Yes, I'll start, Steven, it's Richard, and then throw it to Bob for some commentary maybe on cost. In terms of the value engineering work that we're doing, the 10% commentary was to try to get everyone sensitized to the fact that as we redo our floor plans, it takes some time. Obviously, you have to get that done and you have to get those homes sold. We typically have homes in backlog anywhere from 3 to 8 or 9 months. So by the time the closings come through, the 10% number is only going to go up from here. So our point there was we got more good news where that's coming from. The differential in terms of margins from that can be substantial, and that's part of what we're seeing in terms of our margin growth and even though it's a small percentage today of that stream of work. A comment on cash flow, we typically are not cash flow positive in Q1 and Q2, but that was before we got a lot more disciplined with regard to our capital allocation. And I'll just point to everyone on the call that not only do we feel great about our cash flow, we also feel good about the business environment, and we're going to invest a little over $100 million incrementally in the business this year versus what we're planning as a result of what we're seeing in the business, while still maintaining positive cash flow and our ability to delever. So we feel extremely good about that. Bob, he had a question, I think, on cost a little bit.

Robert T. O'shaughnessy

Sure, the construction cost we've seen, consistent, I think, with what we said at the end of the first quarter. We are seeing a little bit of pressure on things like lumber not outside what we expected. In some of the hotter markets, we're starting to see some material cost increase, so for example, concrete, but again, not huge differentials. What we are experiencing, I think, is a shortage of labor in certain markets, and that's going to start to pressure pricing we think. So in certain markets, we've granted some price increases on labor, and so again that's in the markets that are relatively hot right now. So again, for base commodity type costs, consistent with what we saw coming into the year. We have seen drywall stay where it -- is at higher level than last year, but again, not a huge cost component of the house. So overall, not meaningful increases. But again, the watch out is as labor tightens, we could see some price pressure there.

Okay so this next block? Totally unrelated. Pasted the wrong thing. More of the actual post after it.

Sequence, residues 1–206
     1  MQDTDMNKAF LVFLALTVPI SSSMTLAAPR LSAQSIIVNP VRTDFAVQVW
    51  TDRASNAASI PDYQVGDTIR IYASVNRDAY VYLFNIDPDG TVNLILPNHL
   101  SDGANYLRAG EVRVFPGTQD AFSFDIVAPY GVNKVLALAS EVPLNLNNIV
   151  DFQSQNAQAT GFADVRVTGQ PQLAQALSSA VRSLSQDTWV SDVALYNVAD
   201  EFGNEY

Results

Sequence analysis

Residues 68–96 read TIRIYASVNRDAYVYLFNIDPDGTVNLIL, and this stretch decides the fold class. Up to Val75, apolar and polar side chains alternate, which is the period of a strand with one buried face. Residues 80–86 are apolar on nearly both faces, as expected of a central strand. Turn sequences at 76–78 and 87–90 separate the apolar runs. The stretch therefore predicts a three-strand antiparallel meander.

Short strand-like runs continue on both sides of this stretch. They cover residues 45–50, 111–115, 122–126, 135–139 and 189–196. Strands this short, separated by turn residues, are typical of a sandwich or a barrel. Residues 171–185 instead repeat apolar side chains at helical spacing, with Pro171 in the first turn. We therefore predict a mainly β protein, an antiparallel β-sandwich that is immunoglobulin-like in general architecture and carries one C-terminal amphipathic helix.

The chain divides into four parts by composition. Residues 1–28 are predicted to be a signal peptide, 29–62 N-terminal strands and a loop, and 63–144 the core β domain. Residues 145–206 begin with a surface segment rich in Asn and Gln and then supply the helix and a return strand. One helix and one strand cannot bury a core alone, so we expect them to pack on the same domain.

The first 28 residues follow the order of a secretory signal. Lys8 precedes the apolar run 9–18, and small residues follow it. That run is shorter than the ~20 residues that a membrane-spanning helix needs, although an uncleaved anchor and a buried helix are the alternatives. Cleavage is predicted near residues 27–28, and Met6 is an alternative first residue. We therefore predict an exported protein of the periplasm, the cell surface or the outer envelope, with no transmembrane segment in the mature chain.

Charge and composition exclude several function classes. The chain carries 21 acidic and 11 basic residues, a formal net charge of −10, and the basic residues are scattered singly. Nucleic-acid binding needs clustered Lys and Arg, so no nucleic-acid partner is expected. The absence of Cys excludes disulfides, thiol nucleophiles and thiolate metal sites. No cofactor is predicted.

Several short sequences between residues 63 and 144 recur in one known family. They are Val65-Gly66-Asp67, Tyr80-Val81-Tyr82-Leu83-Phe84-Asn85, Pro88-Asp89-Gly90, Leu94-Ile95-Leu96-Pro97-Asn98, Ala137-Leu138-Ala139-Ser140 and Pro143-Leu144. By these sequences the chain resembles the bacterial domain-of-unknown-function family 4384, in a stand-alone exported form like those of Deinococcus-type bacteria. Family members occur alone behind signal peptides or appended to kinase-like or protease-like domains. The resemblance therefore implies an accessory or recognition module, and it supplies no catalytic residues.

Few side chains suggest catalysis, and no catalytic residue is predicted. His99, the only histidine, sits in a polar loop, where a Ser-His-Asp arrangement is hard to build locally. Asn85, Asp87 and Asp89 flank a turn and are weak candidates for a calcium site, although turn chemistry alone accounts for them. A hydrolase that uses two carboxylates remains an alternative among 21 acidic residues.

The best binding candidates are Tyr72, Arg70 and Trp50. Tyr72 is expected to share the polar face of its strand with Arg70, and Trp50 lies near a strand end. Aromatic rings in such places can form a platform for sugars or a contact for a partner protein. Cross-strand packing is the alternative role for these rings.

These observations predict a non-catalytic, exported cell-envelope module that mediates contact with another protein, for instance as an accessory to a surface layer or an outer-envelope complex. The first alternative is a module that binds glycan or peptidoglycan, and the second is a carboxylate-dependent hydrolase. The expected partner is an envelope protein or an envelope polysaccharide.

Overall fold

Operator

Your next question is from the line of Dan Oppenheim from Credit Suisse.

Daniel Oppenheim - Crédit Suisse AG, Research Division

I was wondering if you can just elaborate a bit more and talk about the shift in terms of to more options, aways from standard and such, how -- what are you learning in terms of a better sense of what customers want in the homes and what they're willing to pay for, and how significantly do you think that could be in terms of the impact on the margins there?

Richard J. Dugas

Yes, Dan, this is Richard. Frankly, we've done a tremendous amount of research recently, and I would tell you our insight into consumer wants is significantly enhanced from where it was even just a year ago. What we're finding is that the buyer wants the ability to personalize their home, and our previous practices of a few years ago where we're loading up a home with a lot of things was not necessarily what the buyers want. Some people want a base home and maybe 4 or 5 options. Others want to personalize their home with a lot more. We now also internally have visibility to the actual drivers of gross margin. As an example, we can break out for ourselves what we're selling in options, what we're doing in discounts to a much greater degree than we did before, and we are seeing substantial pickups in many markets from that. It's hard to isolate a given number and give you a particular number, but I can tell you it was a mover of margins in the quarter, and I would tell you it will continue to be as people select these options.

David Goldberg - UBS Investment Bank, Research Division

Okay, great. And then, I guess, in terms of the mortgage conversations because you talked about conversations and dialogue with the investors, just want to clarify and understand it. Were you talking about recent conversations? Is there anything in terms of something more recent that were just more in general you've been having this conversations. I was trying to understand if that's something that we should be expecting more resolution on going forward or if it's just more ongoing dialogue there.

Richard J. Dugas

Well, we obviously have dialogue with these folks all the time. We do business with them. In terms of resolutions of these, I don't think there's anything for us to report at this time.

Operator

Your next audio question is from the line of Stephen Kim from Barclays.

Stephen Kim - Barclays Capital, Research Division